Scientific Reports | Hanel et al.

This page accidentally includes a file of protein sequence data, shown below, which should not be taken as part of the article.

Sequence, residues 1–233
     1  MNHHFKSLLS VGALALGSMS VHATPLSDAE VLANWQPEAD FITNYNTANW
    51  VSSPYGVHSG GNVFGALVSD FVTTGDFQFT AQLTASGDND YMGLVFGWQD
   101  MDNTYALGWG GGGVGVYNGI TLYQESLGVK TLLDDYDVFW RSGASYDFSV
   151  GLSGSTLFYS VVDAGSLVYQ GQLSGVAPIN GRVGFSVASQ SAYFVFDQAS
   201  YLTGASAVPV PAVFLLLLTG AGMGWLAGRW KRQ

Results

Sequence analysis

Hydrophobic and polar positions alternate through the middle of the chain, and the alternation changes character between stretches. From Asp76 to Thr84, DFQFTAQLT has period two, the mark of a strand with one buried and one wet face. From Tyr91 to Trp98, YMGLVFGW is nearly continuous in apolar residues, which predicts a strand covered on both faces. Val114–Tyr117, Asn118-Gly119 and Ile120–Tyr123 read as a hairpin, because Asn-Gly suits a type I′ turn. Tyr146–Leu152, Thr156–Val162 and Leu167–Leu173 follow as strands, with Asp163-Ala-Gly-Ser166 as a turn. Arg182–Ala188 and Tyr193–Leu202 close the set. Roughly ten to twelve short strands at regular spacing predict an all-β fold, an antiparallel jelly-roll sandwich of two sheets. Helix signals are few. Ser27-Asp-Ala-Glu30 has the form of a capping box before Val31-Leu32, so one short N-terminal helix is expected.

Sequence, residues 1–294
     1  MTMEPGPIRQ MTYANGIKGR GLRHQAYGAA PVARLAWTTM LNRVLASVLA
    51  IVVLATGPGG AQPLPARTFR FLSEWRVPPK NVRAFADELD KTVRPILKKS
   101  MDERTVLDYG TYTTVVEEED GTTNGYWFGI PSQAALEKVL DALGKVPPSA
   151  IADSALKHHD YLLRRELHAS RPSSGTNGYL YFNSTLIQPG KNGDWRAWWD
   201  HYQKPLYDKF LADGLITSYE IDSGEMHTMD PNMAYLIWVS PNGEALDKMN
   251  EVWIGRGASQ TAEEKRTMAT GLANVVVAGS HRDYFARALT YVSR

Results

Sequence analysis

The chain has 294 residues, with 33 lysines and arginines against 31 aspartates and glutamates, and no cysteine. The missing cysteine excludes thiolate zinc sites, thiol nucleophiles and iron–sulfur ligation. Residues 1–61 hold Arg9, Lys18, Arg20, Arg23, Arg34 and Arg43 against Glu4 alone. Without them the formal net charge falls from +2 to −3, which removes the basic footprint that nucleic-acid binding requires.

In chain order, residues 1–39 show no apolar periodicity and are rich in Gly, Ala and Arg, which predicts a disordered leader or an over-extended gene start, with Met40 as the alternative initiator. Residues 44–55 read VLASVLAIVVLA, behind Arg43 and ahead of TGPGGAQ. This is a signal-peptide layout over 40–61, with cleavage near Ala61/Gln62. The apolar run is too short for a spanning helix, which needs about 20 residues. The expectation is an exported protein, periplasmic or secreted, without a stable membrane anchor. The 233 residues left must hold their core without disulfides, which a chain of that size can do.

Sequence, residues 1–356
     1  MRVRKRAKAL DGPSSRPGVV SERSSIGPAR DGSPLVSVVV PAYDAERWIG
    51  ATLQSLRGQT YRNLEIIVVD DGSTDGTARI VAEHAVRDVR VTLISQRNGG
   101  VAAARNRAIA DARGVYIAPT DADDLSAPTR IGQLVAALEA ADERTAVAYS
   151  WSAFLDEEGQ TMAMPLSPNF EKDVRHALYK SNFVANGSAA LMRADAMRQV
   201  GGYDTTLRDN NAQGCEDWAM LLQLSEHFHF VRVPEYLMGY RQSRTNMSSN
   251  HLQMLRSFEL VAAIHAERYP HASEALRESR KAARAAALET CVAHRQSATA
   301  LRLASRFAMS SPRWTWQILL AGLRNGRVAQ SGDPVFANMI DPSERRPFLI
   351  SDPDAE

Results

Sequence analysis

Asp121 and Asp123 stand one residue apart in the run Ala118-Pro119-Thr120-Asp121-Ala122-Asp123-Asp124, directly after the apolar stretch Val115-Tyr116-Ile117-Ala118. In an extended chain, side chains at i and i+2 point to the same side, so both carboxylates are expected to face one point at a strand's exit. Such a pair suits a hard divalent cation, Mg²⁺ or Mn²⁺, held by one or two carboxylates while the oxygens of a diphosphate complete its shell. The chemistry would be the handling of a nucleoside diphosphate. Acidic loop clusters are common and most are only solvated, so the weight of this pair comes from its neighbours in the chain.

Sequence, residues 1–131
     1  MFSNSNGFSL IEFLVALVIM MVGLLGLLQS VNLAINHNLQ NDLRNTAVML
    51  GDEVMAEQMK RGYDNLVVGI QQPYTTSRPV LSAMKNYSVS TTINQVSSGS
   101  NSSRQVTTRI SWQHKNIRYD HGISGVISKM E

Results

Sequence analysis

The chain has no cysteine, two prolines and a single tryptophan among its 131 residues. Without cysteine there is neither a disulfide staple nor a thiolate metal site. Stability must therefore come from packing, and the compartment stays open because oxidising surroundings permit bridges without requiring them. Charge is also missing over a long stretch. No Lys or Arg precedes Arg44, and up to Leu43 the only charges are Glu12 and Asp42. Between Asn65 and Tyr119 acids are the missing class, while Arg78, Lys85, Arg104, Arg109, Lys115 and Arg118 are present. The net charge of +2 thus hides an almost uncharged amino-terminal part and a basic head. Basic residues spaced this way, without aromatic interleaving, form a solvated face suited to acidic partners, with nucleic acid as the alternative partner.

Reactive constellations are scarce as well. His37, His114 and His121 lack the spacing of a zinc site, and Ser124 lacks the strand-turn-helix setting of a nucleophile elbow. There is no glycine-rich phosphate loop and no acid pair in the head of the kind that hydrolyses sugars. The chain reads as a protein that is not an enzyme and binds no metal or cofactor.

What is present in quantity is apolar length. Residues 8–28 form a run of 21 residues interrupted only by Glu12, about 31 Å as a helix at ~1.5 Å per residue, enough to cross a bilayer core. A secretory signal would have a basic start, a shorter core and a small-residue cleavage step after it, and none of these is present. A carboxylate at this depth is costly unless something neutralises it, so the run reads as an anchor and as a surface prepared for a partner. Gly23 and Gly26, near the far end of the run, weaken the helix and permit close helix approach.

Early 21st-century droughts in Europe have been broadly regarded as exceptionally severe, substantially affecting a wide range of socio-economic sectors. These extreme events were linked mainly to increases in temperature and record-breaking heatwaves that have been influencing Europe since 2000, in combination with a lack of precipitation during the summer months. Drought propagated through all respective compartments of the hydrological cycle, involving low runoff and prolonged soil moisture deficits. What if these recent droughts are not as extreme as previously thought? Using reconstructed droughts over the last 250 years, we show that although the 2003 and 2015 droughts may be regarded as the most extreme droughts driven by precipitation deficits during the vegetation period, their spatial extent and severity at a long-term European scale are less uncommon. This conclusion is evident in our concurrent investigation of three major drought types – meteorological (precipitation), agricultural (soil moisture) and hydrological (grid-scale runoff) droughts. Additionally, unprecedented drying trends for soil moisture and corresponding increases in the frequency of agricultural droughts are also observed, reflecting the recurring periods of high temperatures. Since intense and extended meteorological droughts may reemerge in the future, our study highlights concerns regarding the impacts of such extreme events when combined with persistent decrease in European soil moisture.
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